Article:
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Majority of doctors think weekday services will suffer if seven-day working contracts are introduced

Binley’s survey finds doctors do not believe NHS can afford truly 24/7 service

The majority of doctors surveyed by healthcare intelligence provider Binley’s think that the Health Secretary’s proposed seven-day working contracts for hospital consultants will lead to a reduction in secondary care services on weekdays.

The survey, which was conducted among more than 1,230 primary and secondary care doctors across England, via Binley’s online HCP community, OnMedica, showed that 92 percent of them thought some weekday hospital service reductions would be inevitable because trusts cannot afford to run a truly 24/7 service.

In line with this, 89 percent of respondents thought that introducing compulsory seven-day working contracts for hospital consultants would mean a shortage of those consultants during the week.

Comments from doctors who took part in the survey included: "As a patient, I would like a service that provides full and proper care regardless of the day of the week. As a doctor, I realise the NHS cannot afford to do this without significantly increasing staffing numbers and thus cost. If there are fewer consultants/doctors available during the week as a result of weekend working, then junior training, clinics, theatre lists etc will all run into problems.”

"It is absolutely insane to try to increase the amount of routine work done at weekends when hospitals are already bankrupting themselves trying to maintain the current service levels.”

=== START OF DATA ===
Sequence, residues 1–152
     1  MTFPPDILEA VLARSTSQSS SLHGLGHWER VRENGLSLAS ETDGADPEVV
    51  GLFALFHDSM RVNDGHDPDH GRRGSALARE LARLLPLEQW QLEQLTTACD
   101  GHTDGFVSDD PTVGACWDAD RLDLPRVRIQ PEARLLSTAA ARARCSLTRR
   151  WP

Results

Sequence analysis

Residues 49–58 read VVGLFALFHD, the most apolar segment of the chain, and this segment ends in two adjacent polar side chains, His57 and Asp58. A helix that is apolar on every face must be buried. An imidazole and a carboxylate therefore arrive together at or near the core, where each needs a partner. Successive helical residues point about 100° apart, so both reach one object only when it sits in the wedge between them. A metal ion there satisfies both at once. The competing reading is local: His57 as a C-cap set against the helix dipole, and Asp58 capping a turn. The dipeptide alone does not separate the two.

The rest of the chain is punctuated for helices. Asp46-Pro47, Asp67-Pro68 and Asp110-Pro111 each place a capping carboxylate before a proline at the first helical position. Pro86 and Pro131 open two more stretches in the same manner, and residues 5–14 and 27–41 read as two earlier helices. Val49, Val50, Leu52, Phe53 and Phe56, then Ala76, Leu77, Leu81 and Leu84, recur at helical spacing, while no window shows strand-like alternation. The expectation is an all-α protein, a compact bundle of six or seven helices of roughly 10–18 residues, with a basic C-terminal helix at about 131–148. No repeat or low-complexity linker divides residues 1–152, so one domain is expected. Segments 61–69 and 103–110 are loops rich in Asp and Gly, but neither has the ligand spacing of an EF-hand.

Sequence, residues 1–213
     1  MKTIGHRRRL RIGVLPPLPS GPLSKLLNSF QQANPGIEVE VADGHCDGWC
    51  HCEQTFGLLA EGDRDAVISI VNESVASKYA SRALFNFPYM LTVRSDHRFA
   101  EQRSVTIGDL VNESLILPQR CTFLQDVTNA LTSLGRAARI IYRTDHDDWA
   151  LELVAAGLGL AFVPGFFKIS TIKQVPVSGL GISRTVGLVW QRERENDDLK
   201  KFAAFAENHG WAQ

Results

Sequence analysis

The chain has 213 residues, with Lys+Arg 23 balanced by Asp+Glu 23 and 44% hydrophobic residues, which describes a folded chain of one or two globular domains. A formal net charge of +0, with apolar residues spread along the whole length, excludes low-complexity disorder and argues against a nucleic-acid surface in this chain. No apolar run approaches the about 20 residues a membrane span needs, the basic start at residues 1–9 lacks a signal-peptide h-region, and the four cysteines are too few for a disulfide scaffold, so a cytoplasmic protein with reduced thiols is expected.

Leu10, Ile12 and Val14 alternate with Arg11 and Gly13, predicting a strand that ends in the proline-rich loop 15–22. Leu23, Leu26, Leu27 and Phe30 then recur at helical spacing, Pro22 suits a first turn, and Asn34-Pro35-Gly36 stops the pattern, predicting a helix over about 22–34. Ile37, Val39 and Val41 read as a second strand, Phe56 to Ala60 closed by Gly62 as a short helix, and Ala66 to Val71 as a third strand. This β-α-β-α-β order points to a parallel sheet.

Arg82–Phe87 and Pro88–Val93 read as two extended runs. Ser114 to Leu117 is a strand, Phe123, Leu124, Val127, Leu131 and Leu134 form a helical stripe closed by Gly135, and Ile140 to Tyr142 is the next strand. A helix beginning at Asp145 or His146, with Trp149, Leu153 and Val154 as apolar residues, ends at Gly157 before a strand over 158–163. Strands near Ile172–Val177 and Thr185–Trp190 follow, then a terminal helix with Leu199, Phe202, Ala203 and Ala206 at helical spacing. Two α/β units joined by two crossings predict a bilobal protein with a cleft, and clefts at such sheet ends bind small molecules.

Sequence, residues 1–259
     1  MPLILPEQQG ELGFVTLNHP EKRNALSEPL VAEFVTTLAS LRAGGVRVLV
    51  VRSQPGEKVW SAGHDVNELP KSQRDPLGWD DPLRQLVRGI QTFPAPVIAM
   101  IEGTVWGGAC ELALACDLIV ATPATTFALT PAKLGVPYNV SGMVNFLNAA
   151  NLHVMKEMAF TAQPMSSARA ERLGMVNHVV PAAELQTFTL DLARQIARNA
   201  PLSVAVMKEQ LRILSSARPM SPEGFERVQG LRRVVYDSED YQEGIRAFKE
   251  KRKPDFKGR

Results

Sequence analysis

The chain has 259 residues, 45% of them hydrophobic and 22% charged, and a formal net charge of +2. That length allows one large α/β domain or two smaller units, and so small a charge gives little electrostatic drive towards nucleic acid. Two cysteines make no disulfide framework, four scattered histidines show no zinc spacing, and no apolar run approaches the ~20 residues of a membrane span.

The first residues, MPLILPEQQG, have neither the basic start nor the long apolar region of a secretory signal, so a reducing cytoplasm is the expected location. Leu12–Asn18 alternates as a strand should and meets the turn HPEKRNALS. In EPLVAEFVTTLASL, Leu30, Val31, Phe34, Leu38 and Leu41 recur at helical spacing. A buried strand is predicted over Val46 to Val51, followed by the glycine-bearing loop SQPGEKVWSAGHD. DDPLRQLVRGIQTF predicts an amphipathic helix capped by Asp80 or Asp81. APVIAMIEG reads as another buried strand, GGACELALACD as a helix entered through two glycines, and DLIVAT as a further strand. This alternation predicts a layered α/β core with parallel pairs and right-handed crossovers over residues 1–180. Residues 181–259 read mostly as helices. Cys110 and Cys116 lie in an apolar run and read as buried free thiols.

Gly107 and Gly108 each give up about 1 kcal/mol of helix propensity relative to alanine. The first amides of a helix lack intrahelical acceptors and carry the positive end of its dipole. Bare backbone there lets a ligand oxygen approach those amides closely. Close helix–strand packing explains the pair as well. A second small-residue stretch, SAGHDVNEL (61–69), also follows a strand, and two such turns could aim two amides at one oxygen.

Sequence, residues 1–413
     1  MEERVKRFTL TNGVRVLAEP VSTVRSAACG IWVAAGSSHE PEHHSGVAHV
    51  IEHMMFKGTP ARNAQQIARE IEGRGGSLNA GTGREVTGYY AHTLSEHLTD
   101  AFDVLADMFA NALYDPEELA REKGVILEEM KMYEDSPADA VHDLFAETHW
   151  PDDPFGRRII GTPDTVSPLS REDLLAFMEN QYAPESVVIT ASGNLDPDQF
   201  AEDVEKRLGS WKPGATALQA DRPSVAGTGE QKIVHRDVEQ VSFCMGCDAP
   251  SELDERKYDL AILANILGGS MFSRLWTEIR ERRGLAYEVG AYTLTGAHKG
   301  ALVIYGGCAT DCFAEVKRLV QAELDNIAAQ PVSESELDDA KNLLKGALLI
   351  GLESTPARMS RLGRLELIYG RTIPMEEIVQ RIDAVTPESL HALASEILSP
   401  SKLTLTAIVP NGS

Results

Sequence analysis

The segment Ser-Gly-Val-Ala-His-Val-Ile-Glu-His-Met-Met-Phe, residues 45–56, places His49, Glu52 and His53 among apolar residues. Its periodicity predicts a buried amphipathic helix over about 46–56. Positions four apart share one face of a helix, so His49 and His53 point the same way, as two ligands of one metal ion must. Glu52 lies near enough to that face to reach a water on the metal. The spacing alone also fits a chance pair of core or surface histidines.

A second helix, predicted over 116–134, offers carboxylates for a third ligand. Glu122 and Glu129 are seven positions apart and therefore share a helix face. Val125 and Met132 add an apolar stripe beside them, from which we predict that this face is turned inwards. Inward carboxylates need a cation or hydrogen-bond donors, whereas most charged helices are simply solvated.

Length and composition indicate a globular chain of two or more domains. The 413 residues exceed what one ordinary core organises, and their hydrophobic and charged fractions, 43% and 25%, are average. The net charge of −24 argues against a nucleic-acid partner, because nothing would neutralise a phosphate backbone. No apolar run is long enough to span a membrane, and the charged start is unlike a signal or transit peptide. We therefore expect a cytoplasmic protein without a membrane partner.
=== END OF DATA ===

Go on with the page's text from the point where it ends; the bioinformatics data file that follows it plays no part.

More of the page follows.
"It is frankly stupid to think that elective work should be extended at weekends when my department lacks the resources and staff to adequately cover care for 9-5 on weekdays. More weekend staffing/services in real terms means reduced services during the week.”

"In my experience, I have never seen a patient become more unwell for lack of consultant care - the juniors and middle-graders managed most things well and knew when to call for help. I have, however, seen patients deteriorate for lack of nursing care and supervision. An increase in nursing care on the wards would make much more difference and sense.”

Sarah Eglington, healthcare intelligence director of Binley’s, said: "Our survey highlights deep concern among doctors about the consequences of offering a full seven-day service in which routine and elective work become the norm at weekends.

"What is best for the patient needs to be the primary consideration for the Government and doctors as they work together to find a solution to this situation. The Government needs to engage with doctors to better understand their concerns about the strain that increased weekend services will have on existing weekday ones.”

Press contact:
For more information, please contact: Andrew Baud and Catherine McNulty, Tala +44 020 3397 3383 / 07775 715775

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